Treasury yields climb from two-month low before factory report

Treasuries fell, with 10-year yields rising from the lowest level in two months, before a government report that economists said will show factory orders rebounded in February.

Benchmark yields climbed after slipping below their 100-day moving average. The Federal Reserve’s gauge of inflation expectations dropped to the lowest level in a month before a government report this week that economists said will show the U.S. is adding jobs without driving wages higher. Fed Bank of Minneapolis President Narayana Kocherlakota will speak today on monetary policy.

“There has been a divide in the market between the recovery we see in the States versus global growth and European concerns, and that is keeping us near this level in yields,” said Sean Murphy, a trader at Societe Generale SA in New York, one of the 21 primary dealers that trade with the Fed. “Everyone is waiting for the payroll number to give us some direction. Until then we will continue to chop around in this range -- the range as I see it is 1.85 to 2.09.”

The 10-year yield rose three basis points, or 0.03 percentage point, to 1.86% at 9:31 a.m. New York time, according to Bloomberg Bond Trader prices. It earlier dropped to 1.82%, the lowest since Jan. 24, below the 100-day moving average at 1.83%. The 2% note due in February 2023 fell 7/32, or $2.19 per $1,000 face amount, to 101 9/32.

The 10-year yields will climb to 2.31% by year-end, according to a Bloomberg survey of economists.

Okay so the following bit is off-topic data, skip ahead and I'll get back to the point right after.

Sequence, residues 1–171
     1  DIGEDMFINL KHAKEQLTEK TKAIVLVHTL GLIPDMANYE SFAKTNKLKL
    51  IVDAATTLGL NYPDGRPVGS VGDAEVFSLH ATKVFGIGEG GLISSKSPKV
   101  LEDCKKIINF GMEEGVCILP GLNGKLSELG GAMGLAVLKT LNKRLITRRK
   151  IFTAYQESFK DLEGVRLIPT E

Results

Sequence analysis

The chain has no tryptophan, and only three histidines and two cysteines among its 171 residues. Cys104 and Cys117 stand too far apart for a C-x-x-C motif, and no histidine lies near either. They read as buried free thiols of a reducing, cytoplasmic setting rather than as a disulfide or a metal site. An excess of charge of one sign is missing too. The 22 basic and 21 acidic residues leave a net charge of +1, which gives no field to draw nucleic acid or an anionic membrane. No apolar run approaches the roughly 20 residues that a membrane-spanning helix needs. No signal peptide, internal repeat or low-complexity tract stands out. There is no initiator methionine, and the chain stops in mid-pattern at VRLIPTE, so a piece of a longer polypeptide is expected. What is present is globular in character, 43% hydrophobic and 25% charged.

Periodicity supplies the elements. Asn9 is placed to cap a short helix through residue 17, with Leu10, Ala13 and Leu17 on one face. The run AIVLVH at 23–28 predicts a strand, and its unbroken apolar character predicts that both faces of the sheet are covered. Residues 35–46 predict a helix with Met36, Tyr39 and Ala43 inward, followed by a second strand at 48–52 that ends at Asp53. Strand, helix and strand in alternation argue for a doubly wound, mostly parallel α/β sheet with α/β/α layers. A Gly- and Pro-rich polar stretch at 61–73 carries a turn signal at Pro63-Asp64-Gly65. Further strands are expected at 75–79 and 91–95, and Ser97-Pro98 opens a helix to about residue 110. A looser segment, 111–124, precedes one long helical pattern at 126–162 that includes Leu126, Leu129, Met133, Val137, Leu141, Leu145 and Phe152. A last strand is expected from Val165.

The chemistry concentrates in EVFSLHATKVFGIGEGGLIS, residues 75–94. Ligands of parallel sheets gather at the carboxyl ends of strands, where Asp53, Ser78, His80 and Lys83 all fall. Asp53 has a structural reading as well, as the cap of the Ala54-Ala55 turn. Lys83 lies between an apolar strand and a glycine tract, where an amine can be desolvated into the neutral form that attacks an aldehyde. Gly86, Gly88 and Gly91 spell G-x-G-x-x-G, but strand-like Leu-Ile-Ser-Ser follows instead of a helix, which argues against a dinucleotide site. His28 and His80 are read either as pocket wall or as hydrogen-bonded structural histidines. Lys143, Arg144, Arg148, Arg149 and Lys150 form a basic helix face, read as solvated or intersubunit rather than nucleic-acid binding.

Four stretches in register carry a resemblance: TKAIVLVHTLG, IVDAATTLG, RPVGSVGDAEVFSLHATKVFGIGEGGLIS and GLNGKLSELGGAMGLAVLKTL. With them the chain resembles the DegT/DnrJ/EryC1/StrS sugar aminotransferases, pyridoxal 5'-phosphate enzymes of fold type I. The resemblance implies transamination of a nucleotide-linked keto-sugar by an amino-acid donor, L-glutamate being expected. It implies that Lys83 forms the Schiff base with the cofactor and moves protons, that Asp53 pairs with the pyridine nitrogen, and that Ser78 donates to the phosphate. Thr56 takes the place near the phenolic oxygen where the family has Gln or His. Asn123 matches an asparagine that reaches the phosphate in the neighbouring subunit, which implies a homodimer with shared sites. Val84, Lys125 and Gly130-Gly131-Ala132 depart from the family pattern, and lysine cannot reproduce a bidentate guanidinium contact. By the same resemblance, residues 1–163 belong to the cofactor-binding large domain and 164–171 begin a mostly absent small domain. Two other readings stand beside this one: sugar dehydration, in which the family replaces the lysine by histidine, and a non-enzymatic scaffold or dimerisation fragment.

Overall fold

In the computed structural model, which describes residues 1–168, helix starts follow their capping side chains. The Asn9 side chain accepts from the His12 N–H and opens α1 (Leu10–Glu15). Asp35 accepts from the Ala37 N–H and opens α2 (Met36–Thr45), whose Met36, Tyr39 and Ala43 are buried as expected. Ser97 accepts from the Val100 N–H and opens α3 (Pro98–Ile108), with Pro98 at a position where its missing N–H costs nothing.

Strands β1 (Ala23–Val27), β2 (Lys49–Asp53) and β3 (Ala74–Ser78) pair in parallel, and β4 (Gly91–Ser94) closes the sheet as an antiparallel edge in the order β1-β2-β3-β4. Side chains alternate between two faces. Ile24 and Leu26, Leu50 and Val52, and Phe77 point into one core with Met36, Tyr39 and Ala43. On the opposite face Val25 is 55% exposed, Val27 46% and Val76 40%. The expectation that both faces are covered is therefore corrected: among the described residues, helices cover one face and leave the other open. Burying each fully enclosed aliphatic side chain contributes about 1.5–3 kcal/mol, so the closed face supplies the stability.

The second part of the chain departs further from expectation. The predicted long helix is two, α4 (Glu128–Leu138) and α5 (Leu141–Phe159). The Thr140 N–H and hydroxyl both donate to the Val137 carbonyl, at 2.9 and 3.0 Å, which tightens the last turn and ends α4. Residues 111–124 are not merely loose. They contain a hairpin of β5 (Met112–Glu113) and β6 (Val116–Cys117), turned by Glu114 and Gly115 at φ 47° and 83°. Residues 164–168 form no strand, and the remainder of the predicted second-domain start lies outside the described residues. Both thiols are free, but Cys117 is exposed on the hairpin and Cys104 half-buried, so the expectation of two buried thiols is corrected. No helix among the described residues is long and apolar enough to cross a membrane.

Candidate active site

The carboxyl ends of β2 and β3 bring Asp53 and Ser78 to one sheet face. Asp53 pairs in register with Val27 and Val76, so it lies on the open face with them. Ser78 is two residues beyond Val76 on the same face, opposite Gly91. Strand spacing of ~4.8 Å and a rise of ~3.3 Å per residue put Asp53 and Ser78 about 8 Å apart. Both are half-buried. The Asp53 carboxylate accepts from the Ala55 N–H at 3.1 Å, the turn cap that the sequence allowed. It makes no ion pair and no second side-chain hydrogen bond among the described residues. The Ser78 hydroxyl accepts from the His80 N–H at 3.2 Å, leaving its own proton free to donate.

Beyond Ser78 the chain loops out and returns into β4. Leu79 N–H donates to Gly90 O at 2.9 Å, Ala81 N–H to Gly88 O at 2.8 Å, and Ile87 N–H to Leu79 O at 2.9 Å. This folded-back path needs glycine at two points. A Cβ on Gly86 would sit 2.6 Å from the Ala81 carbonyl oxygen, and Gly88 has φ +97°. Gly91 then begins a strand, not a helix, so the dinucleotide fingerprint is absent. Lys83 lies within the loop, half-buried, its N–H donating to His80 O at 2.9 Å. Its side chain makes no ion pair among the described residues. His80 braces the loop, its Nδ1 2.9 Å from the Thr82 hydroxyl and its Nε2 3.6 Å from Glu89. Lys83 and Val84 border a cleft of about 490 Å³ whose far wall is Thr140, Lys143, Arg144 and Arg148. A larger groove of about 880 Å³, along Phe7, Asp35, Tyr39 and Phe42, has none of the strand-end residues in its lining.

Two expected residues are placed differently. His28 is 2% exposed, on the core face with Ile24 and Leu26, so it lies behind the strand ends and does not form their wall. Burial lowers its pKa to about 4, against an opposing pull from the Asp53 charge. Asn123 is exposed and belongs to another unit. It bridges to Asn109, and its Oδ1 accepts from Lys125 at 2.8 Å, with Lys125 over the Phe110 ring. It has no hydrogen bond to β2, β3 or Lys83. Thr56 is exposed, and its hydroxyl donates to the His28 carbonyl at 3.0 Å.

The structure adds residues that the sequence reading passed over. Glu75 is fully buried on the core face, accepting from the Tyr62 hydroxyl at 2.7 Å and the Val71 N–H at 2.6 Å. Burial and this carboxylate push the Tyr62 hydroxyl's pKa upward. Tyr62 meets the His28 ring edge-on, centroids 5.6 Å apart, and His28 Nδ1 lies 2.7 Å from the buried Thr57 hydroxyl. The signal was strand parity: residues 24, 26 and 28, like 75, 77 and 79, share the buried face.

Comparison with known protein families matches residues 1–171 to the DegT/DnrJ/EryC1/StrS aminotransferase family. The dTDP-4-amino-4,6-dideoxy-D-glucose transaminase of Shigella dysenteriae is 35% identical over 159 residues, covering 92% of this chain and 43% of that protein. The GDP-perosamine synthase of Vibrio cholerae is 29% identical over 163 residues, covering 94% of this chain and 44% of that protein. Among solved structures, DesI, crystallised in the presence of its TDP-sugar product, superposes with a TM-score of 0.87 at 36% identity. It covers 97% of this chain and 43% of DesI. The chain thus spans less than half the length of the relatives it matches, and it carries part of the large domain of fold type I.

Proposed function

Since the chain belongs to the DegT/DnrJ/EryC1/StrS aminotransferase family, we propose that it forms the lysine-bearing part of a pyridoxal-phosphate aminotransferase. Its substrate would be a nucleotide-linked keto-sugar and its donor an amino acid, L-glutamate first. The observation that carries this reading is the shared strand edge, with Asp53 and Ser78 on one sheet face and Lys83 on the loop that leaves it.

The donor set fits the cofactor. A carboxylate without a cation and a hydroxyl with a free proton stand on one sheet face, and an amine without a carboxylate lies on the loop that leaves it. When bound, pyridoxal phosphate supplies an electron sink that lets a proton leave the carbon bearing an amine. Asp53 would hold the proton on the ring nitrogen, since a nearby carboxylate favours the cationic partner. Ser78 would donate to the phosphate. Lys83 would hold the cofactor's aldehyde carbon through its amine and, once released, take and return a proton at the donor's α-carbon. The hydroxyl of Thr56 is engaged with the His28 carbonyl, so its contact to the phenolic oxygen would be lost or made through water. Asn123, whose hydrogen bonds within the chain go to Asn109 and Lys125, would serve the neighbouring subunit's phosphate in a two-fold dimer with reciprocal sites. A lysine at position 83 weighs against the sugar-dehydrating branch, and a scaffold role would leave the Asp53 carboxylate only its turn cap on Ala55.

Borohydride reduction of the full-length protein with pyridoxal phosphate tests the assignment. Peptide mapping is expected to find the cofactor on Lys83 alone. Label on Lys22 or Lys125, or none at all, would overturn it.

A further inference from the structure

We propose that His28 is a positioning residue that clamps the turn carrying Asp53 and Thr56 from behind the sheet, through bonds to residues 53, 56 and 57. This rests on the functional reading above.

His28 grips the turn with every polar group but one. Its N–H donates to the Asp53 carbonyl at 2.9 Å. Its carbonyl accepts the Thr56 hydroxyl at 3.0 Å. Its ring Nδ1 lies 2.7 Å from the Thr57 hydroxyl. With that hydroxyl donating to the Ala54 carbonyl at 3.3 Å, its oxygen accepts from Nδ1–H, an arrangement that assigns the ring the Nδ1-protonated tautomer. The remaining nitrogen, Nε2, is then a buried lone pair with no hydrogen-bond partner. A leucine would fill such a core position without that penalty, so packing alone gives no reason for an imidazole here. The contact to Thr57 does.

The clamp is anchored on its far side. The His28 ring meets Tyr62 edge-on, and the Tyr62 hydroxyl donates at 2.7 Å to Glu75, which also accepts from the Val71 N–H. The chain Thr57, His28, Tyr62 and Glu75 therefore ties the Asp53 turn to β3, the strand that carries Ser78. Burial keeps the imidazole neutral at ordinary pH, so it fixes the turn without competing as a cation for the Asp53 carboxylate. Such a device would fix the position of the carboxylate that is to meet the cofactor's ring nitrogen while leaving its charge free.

Trading Volume

Treasuries due in a decade or more have been trading at almost the cheapest level in 19 months relative to global peers with comparable maturities, according to Bank of America Merrill Lynch bond indexes. Yields on the Treasuries reached 57 basis points higher than those in an index of other sovereign debt on March 25, the most since August 2011, the data showed. The spread was 51 basis points yesterday.

Trading volume fell 31% yesterday to $165.3 billion, the lowest level since Dec. 31, according to ICAP Plc, the largest inter-dealer broker of U.S. government debt. It touched a 2013 high of $491 billion on Feb. 1. Average daily volume this year is $282.6 billion.

Factory orders rose 2.9% in February, after dropping 2% the previous month, according to a Bloomberg survey of economists before the Commerce Department data. A separate report today is forecast to show vehicles sales were little changed in March.

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